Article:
Early practice of using NFT clearly proved that the Bitcoin blockchain technology doesn’t really meet the needs of these unique digital assets. At some point, NFTs successfully migrated to the Ethereum blockchain. This step solved scalability issues and started a new stage in the history of NFT.

Peperium, 2017

Peperium nft

In fact, this NFT project copied the idea of Rare Pepes. We have here the same Pepe the Frog in lots of variations. The only difference is the new technological core. Perhaps, this successful transition opened many new opportunities for the NFT economy. The year 2017 saw the start of many remarkable projects.

CryptoPunks, 2017


The Larva Labs studio created this collection of CryptoPunks: images of randomly generated characters. There are 10,000 CryptoPunks in total.

Some of those characters have become pretty rare. For example, Punks with Alien or Ape styles are represented in limited variants, so their value is high.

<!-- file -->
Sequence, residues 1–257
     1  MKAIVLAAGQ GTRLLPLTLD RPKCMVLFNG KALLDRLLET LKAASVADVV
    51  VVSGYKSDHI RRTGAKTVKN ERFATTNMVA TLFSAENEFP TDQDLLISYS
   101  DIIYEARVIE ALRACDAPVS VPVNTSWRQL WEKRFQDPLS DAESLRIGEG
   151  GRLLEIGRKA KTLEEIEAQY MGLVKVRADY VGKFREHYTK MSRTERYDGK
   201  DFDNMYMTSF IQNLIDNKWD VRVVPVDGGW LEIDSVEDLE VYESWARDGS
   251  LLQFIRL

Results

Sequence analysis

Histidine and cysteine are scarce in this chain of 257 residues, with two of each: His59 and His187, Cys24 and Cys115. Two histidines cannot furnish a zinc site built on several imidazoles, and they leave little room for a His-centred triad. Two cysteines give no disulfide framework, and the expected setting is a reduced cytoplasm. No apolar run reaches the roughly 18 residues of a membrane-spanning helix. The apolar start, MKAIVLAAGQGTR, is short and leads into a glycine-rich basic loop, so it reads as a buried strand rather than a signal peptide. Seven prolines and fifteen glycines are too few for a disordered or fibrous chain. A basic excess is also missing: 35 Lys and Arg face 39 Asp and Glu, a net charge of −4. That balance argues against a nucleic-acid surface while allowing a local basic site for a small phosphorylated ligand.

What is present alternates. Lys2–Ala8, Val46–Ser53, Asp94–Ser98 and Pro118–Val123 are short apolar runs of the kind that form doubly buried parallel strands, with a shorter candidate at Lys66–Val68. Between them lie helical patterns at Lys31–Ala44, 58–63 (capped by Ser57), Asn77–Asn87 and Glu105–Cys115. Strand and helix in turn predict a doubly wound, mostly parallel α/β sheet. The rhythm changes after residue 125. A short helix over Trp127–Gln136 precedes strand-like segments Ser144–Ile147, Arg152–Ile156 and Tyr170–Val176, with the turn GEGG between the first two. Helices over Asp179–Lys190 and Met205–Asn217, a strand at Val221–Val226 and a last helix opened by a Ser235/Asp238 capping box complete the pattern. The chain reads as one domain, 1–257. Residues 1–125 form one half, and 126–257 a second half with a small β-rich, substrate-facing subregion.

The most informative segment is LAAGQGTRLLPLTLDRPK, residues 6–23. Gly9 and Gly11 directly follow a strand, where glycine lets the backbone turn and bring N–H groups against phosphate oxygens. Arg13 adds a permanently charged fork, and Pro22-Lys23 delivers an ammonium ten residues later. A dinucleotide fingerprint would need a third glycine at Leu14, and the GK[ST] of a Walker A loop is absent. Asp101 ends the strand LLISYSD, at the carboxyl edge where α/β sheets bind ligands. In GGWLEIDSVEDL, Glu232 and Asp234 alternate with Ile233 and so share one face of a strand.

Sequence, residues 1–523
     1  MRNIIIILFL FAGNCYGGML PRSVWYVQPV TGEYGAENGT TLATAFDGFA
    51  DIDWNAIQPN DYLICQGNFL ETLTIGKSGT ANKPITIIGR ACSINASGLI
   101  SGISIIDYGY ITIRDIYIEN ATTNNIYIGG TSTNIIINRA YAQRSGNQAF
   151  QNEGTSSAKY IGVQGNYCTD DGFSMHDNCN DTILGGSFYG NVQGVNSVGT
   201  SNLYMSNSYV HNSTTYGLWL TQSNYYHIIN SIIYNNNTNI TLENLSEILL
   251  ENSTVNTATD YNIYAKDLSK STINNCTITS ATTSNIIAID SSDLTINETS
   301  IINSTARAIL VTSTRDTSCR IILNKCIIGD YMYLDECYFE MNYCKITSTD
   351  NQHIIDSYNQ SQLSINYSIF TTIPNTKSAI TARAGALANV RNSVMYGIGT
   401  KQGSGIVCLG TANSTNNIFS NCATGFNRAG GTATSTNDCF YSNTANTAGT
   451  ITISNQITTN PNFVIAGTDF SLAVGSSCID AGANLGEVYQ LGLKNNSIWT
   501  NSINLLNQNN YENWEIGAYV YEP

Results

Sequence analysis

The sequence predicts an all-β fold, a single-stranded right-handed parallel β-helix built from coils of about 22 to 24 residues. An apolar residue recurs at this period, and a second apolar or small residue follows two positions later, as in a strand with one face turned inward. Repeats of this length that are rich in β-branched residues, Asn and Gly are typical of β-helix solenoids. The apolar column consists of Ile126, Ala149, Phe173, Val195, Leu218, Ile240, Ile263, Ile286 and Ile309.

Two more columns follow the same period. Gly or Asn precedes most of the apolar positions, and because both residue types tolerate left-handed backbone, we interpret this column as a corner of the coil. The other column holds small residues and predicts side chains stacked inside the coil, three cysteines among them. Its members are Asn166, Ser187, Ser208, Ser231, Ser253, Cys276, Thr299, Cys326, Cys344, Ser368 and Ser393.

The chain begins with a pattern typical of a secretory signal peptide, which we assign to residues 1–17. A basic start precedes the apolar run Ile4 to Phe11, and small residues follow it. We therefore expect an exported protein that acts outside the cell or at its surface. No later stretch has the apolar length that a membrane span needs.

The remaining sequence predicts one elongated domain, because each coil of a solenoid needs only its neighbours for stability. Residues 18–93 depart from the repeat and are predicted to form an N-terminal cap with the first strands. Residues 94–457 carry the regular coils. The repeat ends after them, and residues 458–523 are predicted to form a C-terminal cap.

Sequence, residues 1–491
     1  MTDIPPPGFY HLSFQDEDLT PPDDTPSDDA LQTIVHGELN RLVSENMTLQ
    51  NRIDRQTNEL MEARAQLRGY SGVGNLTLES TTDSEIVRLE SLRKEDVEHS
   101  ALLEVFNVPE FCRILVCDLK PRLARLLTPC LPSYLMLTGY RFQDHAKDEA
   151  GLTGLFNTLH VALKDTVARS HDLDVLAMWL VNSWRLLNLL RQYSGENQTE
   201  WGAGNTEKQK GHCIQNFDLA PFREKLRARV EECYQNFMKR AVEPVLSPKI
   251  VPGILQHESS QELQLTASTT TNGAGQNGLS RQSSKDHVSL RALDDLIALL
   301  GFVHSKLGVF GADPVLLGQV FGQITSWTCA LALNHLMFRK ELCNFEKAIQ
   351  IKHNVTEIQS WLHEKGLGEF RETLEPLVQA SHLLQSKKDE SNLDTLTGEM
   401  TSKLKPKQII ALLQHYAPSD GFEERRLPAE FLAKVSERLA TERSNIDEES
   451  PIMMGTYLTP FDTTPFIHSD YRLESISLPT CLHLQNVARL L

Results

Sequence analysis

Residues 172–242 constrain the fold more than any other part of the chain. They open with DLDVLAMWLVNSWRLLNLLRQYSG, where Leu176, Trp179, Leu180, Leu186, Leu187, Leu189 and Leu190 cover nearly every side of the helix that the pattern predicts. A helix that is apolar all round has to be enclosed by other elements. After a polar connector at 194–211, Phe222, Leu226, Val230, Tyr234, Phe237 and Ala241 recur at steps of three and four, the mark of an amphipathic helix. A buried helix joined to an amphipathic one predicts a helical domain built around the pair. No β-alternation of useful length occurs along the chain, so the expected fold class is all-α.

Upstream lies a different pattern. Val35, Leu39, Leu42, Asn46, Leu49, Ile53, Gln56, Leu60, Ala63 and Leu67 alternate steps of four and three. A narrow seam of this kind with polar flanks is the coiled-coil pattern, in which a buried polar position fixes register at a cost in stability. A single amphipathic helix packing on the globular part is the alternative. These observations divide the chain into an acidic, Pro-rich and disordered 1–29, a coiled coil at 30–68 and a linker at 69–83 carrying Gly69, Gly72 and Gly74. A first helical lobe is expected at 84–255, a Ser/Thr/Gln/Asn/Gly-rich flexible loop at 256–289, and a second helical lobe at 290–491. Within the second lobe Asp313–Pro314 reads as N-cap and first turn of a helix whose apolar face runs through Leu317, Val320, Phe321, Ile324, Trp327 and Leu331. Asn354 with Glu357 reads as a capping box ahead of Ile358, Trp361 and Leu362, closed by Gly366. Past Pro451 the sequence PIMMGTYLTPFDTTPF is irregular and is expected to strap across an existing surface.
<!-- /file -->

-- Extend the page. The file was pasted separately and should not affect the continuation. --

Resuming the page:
CryptoPunks is often considered the start of the art movement in NFT. The very process of creating algorithmically-generated images drew significant attention. As there are no more characters beyond the original ones their artistic and economic significance only increases.

Curio Cards, 2017


This NFT art project on Etherium includes 30 digital cards created by seven different artists. Curio Cards are interesting as they are taking a step toward human-made images (instead of CryptoPunks’ randomness).

In addition to that, Curio Cards proved again how important uniqueness is for NFTs. One of the cards was misprinted, so the collection got the image 17b. A small feature added something interesting to the background and made the whole collection somewhat more fascinating. Curio Cards gave an additional boost to NFT as an art form.

CryptoKitties, 2017


And again, NFTs demonstartated their usability for the gaming industry. CryptoKitties was a huge project everyone talked about. It’s basically an addictive game. Players invest their money in a cryptocurrency and then create unique digital assets: images of cats. The playing process is similar to other games with virtual animals. This time, you have cute kitties. Every creature has a mix of attributes, which affect their appearance and the rarity level. You can collect cats and breed them to get new species.